Digital Marketers Are Salespeople, Too

Several years ago when I was attending business school, my marketing professor tried to convince us that sales is sales and marketing is marketing. Both are different, he argued! But are they?

Being a marketer, I knew something was fishy in what he said. Can it be that marketers who produce flashy banners are in charge of the brand and positioning but not in charge of the bottom line?

Unfortunately in many companies today (more in the B2B offline), this is still the case. Marketers are in charge of marketing, and sales is in charge of sales.

In my opinion, marketers are the superheroes of the digital space, and are essentially the sales force responsible for revenue. If it’s not the case in your company, I very much suggest that you start measuring your contribution by the dollars produced from each marketing activity.

The world of digital marketing is getting more complex with an increasing number of channels (Web, email, social, mobile) and customers and prospects are broken down into small communities in different channels. For example, they move from Facebook to smaller and more intimate communities such as technologies like WhatsApp, Vine, WeChat, Snapchat, and many others. In short, the job of a digital marketer is ever-challenging.

Sometimes the focus is directed too much toward the channels and much attention is given to seeing what’s new out there and making sure we’re reaching out to customers and prospects in all channels without real objectives behind what we want to do with the clients. Does an increase in followers equal success? Does it translate to revenue?

Rule #1: Channels are channels and not objectives. They’re there to facilitate customer engagement while linking it to our (often quantifiable) objectives as digital marketers.

Then, what are the objectives, you most probably ask?

There are three strategic objectives that digital marketers need to set and measure in order to generate revenue.

They are:

  1. Convert leads into buying customers
  2. Increase the lifetime value (LTV) of your customers
  3. Win back inactive and lost customers


Let’s look at the customer lifecycle and its journey from a lead to a churning customer. The chart above explains the journey visually, and thus the strategic objectives:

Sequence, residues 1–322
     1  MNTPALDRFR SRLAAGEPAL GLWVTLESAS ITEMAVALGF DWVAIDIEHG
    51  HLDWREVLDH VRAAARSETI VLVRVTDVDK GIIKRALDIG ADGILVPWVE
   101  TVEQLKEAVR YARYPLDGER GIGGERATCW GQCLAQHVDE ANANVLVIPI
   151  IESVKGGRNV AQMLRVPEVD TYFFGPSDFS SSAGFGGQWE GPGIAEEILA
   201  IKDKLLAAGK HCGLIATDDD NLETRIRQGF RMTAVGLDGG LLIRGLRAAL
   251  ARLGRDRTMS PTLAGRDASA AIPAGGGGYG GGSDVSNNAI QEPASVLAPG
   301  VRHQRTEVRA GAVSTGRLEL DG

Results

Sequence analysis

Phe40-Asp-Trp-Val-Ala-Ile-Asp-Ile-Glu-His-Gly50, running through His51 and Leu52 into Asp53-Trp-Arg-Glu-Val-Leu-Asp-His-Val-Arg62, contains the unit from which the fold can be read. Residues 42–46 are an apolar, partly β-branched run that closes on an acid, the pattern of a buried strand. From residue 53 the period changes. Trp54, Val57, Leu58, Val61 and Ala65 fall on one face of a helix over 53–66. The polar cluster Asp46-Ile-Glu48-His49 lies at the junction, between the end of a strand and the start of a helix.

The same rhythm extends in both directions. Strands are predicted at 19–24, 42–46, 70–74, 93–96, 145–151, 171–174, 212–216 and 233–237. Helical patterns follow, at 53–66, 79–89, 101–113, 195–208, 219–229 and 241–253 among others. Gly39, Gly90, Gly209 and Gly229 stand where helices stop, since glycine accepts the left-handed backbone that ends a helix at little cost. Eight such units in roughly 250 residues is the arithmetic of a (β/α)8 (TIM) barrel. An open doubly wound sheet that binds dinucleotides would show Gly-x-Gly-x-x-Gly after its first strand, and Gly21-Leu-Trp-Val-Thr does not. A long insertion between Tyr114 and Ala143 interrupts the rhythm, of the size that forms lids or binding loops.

1. Convert Leads to Customers

Most of the budget we invest in digital is directed toward acquisition strategies such as SEO, pay-per-click (PPC), Facebook ads, banners, affiliation, etc. The true objective is to take the leads we invest so much money in and convert them into buying customers.

We need to measure how much money we spend on each channel against the conversions we have. If we don’t do that, then our acquisition strategy is merely a hobby. Assigning monetary values to each channel and looking into conversions is often called attribution. We want to measure the increase in conversions against our actions while assigning desirable targets. For example, 20 percent of my leads are converted into buyers each month.

2. Increase LTV

Given the investment we’ve made in acquiring the customers, every sale we will have from now on will yield larger gross margins (the purchase cost doesn’t include the acquisition costs anymore). And hence what we want to do here is look into the increase of the spend from our existing clients and make sure they are retained. Here you need to look into increase in the average purchase from your clients, and increase in their engagement metrics (more visits, increased time on site, review of products, etc).

3. Win Back

The third and last objective is to try to pull back the customers who churned or are inactive toward the center of the customer lifecycle, so that the pool of customers we have will churn in a slower pace. (Twist it, turn it, customers will always churn. The best you can do is to delay their churn.)

I am not going into the tactics used, but looking at the strategy – you want to measure win-back ratios (churning customers – churning customers who purchased again) and work against improving this number.

It doesn’t really matter what type of business and industry you’re working in. The job of the digital marketer is sales, and by sticking to these objectives and measuring against them we’re ensuring our efforts are directed toward the bottom line. You can now look at different channels, campaigns, etc., but make sure that everything you do is attributed to one of these goals.

And as soon as you can quantify success in these objectives to your efforts, see your boss and ask for a pay increase.

Until next time, stay tuned.


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Overhead view of a row of four business people interviewing a young male applicant.